There are a myriad of ways to smoke chicken: whole, halved, spatchcocked, cut in pieces, sauced, skin on, skin off, bone in, bone gone, sittin’ on a beer can, etc. But for simple, unadorned smoke flavor, a boneless, skinless chicken breast is your huckleberry. I usually buy them in large packages when they are on sale at the grocery store and smoke the whole lot of them, then freeze them for use in a myriad of other recipes later on, such as Smoked Chicken Pot Pies, Smoked Chicken Fajitas, or Smoked Chicken Pizza. My wife even makes a killer Smoked Chicken Salad with ‘em. They are as versatile as they are tasty. Hell, you can even serve ‘em on their own with just a little BBQ sauce and some simple sides.
As to smoking woods, I would say just about anything but mesquite will work for this technique. My preferences are any of the fruit woods, maple, pecan or hickory. In fact, if you're new to smoking or are trying a new smoking wood that you have never used and you want to taste the unadulterated smoke flavor without tastes from what you are smoking dominating your palate, then this recipe twill serve. The chicken flavor on its own is so subtle that the majority of what you taste is the smoke. When I try a new wood I’ve never used before, I always use this technique so I can get a good feel for the taste of that particular wood.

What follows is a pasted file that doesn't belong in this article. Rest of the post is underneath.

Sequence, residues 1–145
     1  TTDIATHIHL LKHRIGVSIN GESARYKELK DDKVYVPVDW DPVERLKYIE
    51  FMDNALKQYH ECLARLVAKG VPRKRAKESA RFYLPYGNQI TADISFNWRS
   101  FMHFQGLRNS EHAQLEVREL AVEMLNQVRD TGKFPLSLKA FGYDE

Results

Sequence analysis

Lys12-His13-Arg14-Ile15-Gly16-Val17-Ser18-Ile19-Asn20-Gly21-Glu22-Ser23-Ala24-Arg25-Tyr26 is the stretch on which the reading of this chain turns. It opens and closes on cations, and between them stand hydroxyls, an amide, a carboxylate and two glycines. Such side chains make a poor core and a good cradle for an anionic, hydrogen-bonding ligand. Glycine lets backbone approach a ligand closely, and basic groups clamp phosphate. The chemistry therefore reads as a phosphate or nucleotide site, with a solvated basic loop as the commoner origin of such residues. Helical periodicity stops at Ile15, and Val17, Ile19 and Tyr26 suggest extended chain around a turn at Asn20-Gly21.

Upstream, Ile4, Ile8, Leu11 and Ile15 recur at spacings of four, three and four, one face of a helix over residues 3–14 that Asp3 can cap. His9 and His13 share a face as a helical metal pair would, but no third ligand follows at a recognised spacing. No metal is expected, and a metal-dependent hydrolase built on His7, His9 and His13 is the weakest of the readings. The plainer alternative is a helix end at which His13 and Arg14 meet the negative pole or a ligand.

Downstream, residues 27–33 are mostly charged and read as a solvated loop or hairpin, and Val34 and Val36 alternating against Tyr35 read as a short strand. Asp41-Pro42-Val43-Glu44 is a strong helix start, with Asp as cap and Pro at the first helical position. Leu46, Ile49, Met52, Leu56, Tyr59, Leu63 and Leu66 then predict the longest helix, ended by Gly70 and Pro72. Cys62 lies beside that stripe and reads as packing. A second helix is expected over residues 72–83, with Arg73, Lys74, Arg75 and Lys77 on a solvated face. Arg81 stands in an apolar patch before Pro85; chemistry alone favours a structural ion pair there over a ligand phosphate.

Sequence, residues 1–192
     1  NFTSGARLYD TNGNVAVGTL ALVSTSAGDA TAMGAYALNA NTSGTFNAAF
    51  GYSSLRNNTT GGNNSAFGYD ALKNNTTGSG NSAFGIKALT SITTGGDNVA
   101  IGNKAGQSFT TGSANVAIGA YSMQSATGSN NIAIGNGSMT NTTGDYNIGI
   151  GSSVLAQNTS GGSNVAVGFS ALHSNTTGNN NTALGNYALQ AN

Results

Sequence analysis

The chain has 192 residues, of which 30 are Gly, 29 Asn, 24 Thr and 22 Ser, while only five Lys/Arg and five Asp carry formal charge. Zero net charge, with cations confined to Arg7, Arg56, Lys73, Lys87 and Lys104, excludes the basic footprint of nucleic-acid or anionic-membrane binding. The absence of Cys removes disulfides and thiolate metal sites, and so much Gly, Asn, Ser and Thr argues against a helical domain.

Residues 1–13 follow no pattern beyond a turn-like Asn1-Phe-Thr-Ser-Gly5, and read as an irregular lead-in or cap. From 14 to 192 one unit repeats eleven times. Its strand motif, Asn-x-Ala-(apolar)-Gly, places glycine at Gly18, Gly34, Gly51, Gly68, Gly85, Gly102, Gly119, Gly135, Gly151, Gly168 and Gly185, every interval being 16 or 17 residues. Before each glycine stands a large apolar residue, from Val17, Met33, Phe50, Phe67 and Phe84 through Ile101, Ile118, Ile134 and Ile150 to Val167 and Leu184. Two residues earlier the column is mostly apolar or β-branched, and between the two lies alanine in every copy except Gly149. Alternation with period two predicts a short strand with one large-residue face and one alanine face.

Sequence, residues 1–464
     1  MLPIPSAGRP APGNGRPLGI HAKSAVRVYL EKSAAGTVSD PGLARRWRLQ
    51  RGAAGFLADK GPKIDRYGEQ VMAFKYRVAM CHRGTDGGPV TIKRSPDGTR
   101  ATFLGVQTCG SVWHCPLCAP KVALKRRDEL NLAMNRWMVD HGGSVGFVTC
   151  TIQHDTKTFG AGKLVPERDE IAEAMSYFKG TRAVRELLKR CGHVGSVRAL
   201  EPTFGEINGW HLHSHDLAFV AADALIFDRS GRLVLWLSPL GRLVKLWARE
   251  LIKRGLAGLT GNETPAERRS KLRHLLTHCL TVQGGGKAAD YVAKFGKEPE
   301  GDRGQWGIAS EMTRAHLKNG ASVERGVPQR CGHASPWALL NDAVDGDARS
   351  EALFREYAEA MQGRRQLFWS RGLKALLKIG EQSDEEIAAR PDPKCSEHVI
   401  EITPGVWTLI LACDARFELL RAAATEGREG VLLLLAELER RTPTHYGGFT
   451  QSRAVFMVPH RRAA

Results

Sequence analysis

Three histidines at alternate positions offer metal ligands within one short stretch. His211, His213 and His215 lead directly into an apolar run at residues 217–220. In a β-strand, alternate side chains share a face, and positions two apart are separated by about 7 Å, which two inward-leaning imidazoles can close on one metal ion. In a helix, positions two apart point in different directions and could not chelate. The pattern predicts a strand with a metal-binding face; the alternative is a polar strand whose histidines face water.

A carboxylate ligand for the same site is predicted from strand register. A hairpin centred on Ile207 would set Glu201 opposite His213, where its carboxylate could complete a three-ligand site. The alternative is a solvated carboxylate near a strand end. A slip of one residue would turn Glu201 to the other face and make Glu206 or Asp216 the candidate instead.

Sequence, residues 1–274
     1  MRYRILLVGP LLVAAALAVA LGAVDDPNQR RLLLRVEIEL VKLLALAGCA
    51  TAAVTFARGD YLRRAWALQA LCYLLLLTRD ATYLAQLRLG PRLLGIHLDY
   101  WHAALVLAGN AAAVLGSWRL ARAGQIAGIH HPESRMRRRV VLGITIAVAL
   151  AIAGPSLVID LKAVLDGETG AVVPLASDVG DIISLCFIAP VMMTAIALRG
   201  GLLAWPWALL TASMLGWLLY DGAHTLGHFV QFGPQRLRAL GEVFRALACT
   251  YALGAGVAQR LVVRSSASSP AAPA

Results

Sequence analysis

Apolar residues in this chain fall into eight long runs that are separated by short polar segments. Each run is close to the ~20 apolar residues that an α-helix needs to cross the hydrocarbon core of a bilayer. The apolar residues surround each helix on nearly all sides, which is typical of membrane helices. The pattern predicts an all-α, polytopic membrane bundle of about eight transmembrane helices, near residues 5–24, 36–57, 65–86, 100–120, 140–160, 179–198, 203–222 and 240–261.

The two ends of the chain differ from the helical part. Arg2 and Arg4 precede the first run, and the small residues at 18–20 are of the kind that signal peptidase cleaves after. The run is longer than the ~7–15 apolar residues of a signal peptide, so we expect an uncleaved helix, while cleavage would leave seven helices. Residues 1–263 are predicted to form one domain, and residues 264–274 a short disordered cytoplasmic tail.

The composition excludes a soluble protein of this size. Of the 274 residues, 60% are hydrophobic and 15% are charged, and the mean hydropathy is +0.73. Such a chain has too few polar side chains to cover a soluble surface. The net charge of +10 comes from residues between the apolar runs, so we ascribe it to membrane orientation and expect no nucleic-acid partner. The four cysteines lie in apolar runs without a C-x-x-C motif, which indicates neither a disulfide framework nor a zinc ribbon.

It is for this reason that I don’t really season the breasts at all before I smoke them. I’m just trying to impart smoke flavor and nothing else. Since I mainly use this technique for chicken that goes into other recipes, I do my seasoning later, when I know what I’m making, and not in the smoker.
So, how do we do it? Simple. Get your smoker going according to whatever technique you use. Lately I’ve been using my Weber kettle to smoke in, so I get about a half-chimney of charcoal going, dump it in my indirect heat tray, then add my wood on top.
Do I soak the wood? Yes, for a few minutes. What does this do? Not much. Wood doesn’t really absorb water, but it does delay the onset of flame-up until I get the lid on the smoker, so I do it.
Let the breasts smoke for about 45 minutes to an hour at the rather warm smoking temperature of 300F. Chicken is very moist and porous, so it will absorb the smoke flavor readily, and you can easily over-smoke it if you leave them in longer than an hour. But, you do want to cook your breasts to 160F, so check them with a meat thermometer at the 45 minute mark, and continue to cook only if they haven’t reached that temp. Don’t go much over 160F or your chicken will start to dry out. You can even pull them at 150F or so and they will continue to cook until they reach 160F.
Once the breasts are done, you can vacuum-seal them and freeze them whole for later use, or use them immediately.
Until next time,
Smoke 'em if you got 'em.